Time for Solar Energy and Wind Farm Supporters to Stop Living in the Stone Age


Sometimes environmentalists get a bit confused and they can be forgiven for that. It can’t be easy living in perpetual ignorance while shivering every time the volcano god rumbles and Al Gore forewarns another warm winter unless a few virginal carbon credits are sacrificed.

Mr Davey, the Liberal Democrat Energy Secretary, accused Conservatives of attempting to “destroy” the UK’s renewables industry.

The Daily Telegraph last month disclosed that officials in Mr Davey’s energy department have attempted to block a report commissioned by Mr Paterson on the impact of wind farms on the countryside.

Government sources claimed that Mr Davey was concerned that the report, which will also examine how turbines affect house prices, would not “fit with Lib Dem ideology on wind farms”.

In his speech to the Lib Dem conference in Glasgow, Mr Davey said that he is being forced to fight “battles” with Mr Paterson over wind turbines.

“Take the battles I fight over wind power,” Mr Davey said. “Owen Paterson would cull wind turbines faster than he can cull badgers.

“But we have prevented the stone age wing of the Conservative Party from destroying our leading renewables industry.”

However, Mr Davey said that it is wrong to suggest that fracking “answers all Britain’s energy problems”.

Windmills have been around for over 2000 years. Wind turbines have been around since 1887. They’re not exactly a groundbreaking technology.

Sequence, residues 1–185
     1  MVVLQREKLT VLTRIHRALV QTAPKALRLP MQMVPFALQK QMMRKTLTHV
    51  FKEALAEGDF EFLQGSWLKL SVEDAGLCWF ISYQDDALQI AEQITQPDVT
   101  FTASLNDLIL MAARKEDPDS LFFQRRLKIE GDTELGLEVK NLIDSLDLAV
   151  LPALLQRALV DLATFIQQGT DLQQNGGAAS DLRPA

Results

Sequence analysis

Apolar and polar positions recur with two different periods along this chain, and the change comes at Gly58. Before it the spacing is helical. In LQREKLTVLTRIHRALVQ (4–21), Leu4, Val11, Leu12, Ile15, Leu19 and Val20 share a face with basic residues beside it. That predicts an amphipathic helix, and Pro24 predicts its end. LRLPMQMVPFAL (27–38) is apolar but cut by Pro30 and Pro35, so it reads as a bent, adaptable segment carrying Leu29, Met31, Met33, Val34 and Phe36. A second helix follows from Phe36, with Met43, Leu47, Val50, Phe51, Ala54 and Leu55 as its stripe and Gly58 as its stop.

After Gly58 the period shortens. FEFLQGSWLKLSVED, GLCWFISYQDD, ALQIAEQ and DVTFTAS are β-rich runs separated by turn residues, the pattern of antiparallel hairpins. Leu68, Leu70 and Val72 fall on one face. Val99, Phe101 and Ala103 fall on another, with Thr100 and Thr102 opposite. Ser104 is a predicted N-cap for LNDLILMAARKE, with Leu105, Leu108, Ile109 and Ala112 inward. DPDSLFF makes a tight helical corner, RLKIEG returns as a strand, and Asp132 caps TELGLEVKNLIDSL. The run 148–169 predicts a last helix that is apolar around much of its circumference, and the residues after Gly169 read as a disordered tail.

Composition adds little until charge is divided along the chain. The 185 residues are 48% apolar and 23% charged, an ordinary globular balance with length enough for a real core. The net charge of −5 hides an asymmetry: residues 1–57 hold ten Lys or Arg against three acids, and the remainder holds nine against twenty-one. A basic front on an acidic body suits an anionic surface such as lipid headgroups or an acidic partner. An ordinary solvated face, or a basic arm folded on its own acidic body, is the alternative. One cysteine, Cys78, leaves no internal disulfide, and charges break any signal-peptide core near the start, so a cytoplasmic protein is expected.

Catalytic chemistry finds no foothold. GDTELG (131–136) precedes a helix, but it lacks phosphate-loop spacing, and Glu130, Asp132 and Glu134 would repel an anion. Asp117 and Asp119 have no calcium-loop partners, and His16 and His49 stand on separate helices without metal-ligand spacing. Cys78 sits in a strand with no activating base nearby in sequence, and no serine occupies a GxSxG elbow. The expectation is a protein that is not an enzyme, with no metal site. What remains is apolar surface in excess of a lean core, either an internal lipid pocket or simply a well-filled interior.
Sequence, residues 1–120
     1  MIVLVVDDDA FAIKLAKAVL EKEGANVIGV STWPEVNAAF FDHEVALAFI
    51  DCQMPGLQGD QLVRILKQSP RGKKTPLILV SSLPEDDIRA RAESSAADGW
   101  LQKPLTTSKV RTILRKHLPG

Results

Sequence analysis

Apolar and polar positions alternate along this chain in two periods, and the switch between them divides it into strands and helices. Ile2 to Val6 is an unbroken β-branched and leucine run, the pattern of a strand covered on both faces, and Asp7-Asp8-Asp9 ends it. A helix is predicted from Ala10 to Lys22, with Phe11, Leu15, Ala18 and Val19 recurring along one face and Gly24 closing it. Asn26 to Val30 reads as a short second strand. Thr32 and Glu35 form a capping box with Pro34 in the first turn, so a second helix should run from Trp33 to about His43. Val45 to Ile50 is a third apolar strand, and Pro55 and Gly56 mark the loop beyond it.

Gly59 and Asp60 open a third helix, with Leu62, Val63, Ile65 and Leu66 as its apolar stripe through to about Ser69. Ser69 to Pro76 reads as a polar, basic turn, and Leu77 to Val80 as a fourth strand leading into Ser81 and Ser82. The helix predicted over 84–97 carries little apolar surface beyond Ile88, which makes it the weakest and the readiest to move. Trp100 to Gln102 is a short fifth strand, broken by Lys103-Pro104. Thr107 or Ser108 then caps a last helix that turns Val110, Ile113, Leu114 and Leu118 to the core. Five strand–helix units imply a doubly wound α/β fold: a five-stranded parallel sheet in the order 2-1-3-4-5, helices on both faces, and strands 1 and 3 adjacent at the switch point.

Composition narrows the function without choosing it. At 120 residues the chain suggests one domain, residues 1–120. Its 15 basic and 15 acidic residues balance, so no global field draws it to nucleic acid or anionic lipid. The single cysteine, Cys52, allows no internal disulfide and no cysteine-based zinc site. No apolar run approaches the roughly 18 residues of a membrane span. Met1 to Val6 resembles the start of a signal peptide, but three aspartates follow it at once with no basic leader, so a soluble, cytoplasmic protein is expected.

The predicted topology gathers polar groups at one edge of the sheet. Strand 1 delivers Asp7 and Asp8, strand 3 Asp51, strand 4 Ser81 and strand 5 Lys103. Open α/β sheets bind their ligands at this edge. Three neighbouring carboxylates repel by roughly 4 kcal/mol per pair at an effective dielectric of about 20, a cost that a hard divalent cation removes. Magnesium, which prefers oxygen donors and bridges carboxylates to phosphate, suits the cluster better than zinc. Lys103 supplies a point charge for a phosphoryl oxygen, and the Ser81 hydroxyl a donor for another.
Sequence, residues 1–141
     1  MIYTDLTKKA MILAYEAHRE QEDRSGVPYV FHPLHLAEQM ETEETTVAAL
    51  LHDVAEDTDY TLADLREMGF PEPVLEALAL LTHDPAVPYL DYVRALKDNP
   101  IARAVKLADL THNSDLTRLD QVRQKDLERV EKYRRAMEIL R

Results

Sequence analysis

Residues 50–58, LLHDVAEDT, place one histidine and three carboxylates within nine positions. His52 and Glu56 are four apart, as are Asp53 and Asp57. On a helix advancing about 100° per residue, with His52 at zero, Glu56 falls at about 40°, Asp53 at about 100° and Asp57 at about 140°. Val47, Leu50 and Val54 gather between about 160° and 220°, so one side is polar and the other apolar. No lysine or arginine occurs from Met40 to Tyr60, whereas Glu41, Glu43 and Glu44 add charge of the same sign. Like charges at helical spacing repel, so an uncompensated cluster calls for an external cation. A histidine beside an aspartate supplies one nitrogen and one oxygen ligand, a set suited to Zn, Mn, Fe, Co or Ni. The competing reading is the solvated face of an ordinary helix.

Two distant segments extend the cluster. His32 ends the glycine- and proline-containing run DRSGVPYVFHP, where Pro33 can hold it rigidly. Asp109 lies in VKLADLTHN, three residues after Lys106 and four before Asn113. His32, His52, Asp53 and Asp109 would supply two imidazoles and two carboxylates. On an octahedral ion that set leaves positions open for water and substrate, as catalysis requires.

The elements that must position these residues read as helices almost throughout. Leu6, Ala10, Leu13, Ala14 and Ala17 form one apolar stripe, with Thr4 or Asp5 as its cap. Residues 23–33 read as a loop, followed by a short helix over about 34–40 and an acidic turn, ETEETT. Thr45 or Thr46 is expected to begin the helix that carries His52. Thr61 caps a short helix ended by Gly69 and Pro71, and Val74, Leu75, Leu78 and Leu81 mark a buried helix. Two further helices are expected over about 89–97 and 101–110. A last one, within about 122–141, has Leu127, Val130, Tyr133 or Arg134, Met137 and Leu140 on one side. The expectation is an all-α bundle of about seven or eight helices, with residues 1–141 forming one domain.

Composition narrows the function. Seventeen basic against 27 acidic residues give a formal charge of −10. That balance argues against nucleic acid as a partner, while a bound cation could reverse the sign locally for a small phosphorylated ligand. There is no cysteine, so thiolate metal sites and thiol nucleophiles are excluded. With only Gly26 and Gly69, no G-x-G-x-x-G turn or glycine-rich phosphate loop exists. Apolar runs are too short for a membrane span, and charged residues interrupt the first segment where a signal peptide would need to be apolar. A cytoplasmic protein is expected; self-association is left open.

Fracking on the other hand dates back to 1947 and 1949. That’s generations later making it the more advanced tech. And if the Lib Dems really want to break out of the stone age… why not go nuclear?

Nuclear power plants are a truly modern technology. They’re more modern than solar cells which date back to 1888. Funny how the eco-left seems obsessed with 1880 technology while neglecting the wonders of modern technology. They seem to be the ones in the stone age.

Consider the heyday of the wind turbine.

Around the time of World War I, American windmill makers were producing 100,000 farm windmills each year, mostly for water-pumping. By the 1930s, wind generators for electricity were common on farms, mostly in the United States where distribution systems had not yet been installed.

In the fall of 1941, the first megawatt-class wind turbine was synchronized to a utility grid in Vermont. The Smith-Putnam wind turbine only ran for 1,100 hours before suffering a critical failure. The unit was not repaired because of shortage of materials during the war.